The Tories love to style themselves as the party of opportunity. Let’s leave aside the obvious fact that David Cameron’s goal of ‘spreading privilege’ just means more inequality for the moment. Iain Duncan Smith, just last Friday, claimed that there was no need to pay attention to inequality of relative incomes because, among other things, ‘educational failure‘ is a more telling measure.
But studies show that relative poverty is one of the key causes of ‘educational failure’ – in which case trying to divorce educational failure from relative poverty as a measure is meaningless. A study by the charitable Joseph Rountree Foundation (JRF) showed that as well as affecting “health: physical and mental health, public health issues”, relative child poverty impacted on
education: including low educational attainment and skill levels
Children in relative, not just absolute, poverty are far more likely to leave school with poor qualifications and commensurately worse life prospects – condemned to a high probability of being trapped in the same poverty in which they grew up. In his study for the Child Poverty Action Group (CPAG), Donald Hirsch reached the following shocking conclusions:
- By age three, being in poverty makes a difference equivalent to nine months’ development in school readiness.
- At each stage of compulsory schooling, the poverty gap grows. In particular, there is a big jump early in secondary school, with poor children nearly two years behind by the age of 14
The blight on the lives of children growing up in relative poverty is not limited to lower achievements at school. Through this poorer educational performance, relative poverty also leads to the following disadvantages that last for life:
- low status and precarious employment, worklessness and low levels of employability;
- inhibiting and anti-social behaviour including crime, smoking, substance misuse and suicide;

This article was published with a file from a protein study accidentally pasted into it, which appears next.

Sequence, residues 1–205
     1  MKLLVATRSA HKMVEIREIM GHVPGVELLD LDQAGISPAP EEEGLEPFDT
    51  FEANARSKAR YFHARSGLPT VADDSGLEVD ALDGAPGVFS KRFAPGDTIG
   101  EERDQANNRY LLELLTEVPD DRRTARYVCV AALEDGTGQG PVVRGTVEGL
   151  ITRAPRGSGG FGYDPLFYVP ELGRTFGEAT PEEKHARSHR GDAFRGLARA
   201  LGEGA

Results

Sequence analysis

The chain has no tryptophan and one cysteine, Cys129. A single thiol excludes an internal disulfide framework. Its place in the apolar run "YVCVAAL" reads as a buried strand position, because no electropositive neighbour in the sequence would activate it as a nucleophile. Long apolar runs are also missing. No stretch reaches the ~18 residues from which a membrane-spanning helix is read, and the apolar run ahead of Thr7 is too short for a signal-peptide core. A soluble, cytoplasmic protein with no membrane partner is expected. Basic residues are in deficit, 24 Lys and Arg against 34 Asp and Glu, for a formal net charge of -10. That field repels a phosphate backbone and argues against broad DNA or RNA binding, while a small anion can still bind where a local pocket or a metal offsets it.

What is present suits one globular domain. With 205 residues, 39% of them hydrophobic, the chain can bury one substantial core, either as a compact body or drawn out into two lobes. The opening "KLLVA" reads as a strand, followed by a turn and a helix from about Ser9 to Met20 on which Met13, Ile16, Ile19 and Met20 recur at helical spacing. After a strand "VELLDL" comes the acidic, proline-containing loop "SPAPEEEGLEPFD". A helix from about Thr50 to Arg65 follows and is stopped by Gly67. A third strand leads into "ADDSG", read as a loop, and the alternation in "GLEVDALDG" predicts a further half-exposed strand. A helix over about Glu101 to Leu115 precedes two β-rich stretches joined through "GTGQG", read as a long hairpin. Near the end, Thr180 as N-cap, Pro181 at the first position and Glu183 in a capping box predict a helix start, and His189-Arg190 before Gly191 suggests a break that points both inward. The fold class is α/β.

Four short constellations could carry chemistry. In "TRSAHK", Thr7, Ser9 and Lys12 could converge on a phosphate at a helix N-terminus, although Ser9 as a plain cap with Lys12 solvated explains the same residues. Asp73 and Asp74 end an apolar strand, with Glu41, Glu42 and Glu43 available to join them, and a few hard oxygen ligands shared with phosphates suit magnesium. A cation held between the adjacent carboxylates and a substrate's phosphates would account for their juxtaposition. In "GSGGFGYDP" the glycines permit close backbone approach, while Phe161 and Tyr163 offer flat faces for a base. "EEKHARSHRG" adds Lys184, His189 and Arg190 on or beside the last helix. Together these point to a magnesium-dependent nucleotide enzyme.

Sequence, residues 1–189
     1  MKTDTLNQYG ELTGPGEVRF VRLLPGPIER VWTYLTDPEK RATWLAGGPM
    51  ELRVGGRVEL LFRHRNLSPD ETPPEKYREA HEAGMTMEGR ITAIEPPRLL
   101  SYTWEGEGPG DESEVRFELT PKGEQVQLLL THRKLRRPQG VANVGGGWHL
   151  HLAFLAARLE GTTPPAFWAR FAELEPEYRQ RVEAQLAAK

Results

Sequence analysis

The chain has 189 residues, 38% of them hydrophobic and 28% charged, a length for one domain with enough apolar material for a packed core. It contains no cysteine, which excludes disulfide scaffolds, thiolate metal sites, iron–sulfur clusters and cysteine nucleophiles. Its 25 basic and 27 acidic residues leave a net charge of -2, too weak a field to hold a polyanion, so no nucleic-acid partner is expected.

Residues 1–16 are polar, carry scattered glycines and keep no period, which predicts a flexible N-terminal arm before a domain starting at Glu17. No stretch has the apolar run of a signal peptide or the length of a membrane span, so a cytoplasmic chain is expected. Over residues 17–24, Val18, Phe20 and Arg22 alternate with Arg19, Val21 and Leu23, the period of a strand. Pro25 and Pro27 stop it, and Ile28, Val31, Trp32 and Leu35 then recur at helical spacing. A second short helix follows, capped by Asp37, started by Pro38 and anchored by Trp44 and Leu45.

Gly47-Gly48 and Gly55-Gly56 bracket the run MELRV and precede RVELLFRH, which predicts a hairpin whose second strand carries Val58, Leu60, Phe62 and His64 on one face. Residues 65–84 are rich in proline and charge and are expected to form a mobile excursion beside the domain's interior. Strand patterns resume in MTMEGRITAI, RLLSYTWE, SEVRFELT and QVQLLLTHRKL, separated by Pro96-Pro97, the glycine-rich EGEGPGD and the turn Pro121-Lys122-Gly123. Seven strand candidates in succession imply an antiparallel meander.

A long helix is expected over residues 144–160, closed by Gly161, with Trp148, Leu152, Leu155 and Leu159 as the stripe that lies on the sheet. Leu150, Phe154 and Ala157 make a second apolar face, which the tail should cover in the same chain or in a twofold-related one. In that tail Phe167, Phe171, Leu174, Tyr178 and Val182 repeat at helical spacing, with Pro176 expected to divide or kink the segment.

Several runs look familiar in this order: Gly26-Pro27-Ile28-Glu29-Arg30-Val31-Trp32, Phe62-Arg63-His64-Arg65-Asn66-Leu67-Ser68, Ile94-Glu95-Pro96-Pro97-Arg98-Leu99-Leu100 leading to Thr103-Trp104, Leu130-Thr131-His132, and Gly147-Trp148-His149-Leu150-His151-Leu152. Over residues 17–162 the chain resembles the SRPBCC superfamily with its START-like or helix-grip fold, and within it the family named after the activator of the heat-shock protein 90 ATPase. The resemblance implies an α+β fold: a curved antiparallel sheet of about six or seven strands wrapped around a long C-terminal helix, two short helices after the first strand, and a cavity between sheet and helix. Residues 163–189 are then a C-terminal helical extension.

- income, assets and material hardship;
The report’s conclusions do not finish there. Children raised in relative poverty are also more likely to suffer
- family and personal relationship problems, including family difficulties
- child abuse, local authority care, fewer friendships and more social isolation, future relationship problems and degraded family formation;
- shame, stigma, lack of autonomy and low self-esteem.
A national disgrace
IDS may find that relative poverty and the social and income inequality it represents are irrelevant to the poverty issue and to the welfare of our nation’s children. But the damaging effects of relative poverty, including relative child poverty, are so clear and so uncontested by experts that the UK’s standing as one of the most unequal societies in the developed world is nothing short of a national scandal.
In 1996, after 17 years of Tory government, the UK was officially the most unequal country in the developed world, with inequality as great as that of Nigeria.
By 2010, the subsequent Labour government had managed to bring the UK ‘down’ to number 5 in the world table:
But this government’s cuts and caps to the incomes of the lowest earners in the UK are inevitably widening the gap again – as Esther McVey’s convoluted defence of her government’s performance on child poverty inadvertently demonstrated.
For the UK, even after the financial crisis still one of the world’s most prosperous countries, to have almost 4 million of its children in poverty – relative or otherwise – is a national disgrace.
IDS, Esther McVey and others can wriggle and squirm, or posture and bluster, all they want. The facts tell their own story – and they say that the government should be hanging their heads in shame.
Let’s make sure they’re hanging them in defeat at the next election.